Unauthorized Sales Threaten Major Brands

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Well-known brands command a premium price, but in a cost conscious environment everyone loves bargains. So when companies see a chance to buy name-brand electronics or software at a steep discount, many not hesitate to think—or even care—where it came from.

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Brands can take steps internally to improve contract compliance and reduce the risk of gray market sales.

Besides the obvious issue of counterfeit goods, companies have to contend with an equally damaging problem: unauthorized sales resulting from abuse of discounts for their products. The practice not only hurts revenue and profit but can threaten a company’s reputation.

The “gray market” refers to an alternative flow of branded products which have been diverted from authorized sales channels and into the hands of dealers, brokers, or the open market. These unauthorized parties then sell the products far below market price but, unknown to the customer, they come without the support, service or warranties of the original manufacturer. In this scenario, the original manufacturer can lose significant revenue and margin from price erosion, and faces risk to brand reputation.

Read our full report on how companies are responding to the gray market.

The damage doesn’t end there. If enough illegitimate sales hit the market, authorized partners may decide they can’t compete. So rather than lose business, they join the gray market with their own unauthorized discounts or sales exacerbating the issue. That starts a downward spiral of even steeper discounting as brands are left to compete not only with counterfeits and lower-cost rivals but with the unauthorized sale of their own products.

Manufacturers can end up losing control over their products, sales, and brand reputation. They have no way of knowing whether the products being sold in their name are authentic, undamaged, installed properly or supported. Gray market dealers are not obligated to uphold the manufacturer’s standards of quality and service.

Adding insult to injury, manufacturers can end up being blamed by consumers for gray market goods that fail, don’t have adequate customer service, product handling, installation or warranty coverage (which many brands may ultimately provide to maintain customer loyalty even though their policy technically doesn’t allow it). Dealing with customer complaints from illegitimate product sales, burns time and money in attempts to save brand reputation.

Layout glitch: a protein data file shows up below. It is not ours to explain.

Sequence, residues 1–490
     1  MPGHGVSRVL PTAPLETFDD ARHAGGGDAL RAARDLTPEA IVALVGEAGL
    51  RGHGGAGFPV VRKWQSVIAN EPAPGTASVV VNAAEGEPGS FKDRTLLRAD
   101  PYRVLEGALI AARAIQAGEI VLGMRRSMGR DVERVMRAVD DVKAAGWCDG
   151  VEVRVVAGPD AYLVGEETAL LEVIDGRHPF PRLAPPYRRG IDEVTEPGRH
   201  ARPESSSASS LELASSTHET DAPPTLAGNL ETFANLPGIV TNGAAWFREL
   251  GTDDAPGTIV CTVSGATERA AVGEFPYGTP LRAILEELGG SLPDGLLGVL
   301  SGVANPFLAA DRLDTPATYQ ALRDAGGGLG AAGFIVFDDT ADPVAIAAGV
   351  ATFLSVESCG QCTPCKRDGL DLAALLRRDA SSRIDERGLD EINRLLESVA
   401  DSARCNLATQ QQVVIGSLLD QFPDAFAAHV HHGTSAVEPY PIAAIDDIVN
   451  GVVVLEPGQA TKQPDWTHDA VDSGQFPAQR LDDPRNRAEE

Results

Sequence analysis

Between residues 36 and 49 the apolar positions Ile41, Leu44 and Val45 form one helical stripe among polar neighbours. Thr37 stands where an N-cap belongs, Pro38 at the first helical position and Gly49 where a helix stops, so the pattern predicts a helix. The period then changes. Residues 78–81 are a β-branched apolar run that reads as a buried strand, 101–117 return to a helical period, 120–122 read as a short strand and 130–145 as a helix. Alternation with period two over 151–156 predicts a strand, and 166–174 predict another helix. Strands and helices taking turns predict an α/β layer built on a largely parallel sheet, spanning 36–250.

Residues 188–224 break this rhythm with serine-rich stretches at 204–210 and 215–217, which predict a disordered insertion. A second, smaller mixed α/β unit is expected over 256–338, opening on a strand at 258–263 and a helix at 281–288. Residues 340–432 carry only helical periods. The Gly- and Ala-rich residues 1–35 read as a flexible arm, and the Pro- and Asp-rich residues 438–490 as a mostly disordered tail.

What can manufacturers do? Here are four keys that can help stem the flow of products into the gray market.

  • Establish a strong channel for authorized sales. Make sure contracts with sales partners set clear boundaries for the channel of sale your products and require approvals of any exceptions.
  • Monitor sales data to make sure partners are selling through approved channels. Track serial numbers and end users to verify eligibility for incentives and proof of sales performance.
  • Perform compliance reviews on a consistent but non-adversarial basis to validate that the information received is complete and accurate (as this is often the basis for discounts payment).
  • Be consistent in how you enforce contracts and compliance review findings with formal agreed consequence management supported by the executive team (including sales) whether it’s with warnings, recoveries of overpaid amounts, penalties or other steps (up to and including termination of the relationship).

Brands can also take steps internally to improve contract compliance and reduce the risk of gray market sales. They include:

  • Assigning a champion who has the responsibility of overseeing the sales channel behaviors and identifying/enforcing the rules with partners.
  • Continuous data analytics looking for unexplained sales spikes or atypical customers, and putting automatic alerts in place which can be acted upon appropriately and in a timely manner (through a range of compliance activities based on the risk perceived).
  • Reviewing incentive programs to identify potential areas of weakness that could be exploited by channel partners or brokers, and taking steps to strengthen them (e.g. ensuring all channel partners certify they will adhere to the specific terms and conditions).

Many brands believe the gray market remains a significant problem. According to a recent KPMG survey, most tech and manufacturing executives interviewed say they’ve seen gray market activity increase since 2008. To counter that growth, more and more companies are focusing on vigilance and monitoring of the gray market to protect their revenue, profit margins and brand reputation.

Learn more about how your company can minimize the impact of the gray market on revenue and profitability.

© 2017 KPMG LLP, a Delaware limited liability partnership and the U.S. member firm of the KPMG network of independent member firms affiliated with KPMG International Cooperative (“KPMG International”), a Swiss entity. The KPMG name and logo are registered trademarks or trademarks of KPMG International. The information contained herein is of a general nature and is not intended to address the specific circumstances of any particular individual or entity. Some of the services or offerings provided by KPMG LLP are not permissible for its audit clients or affiliates.

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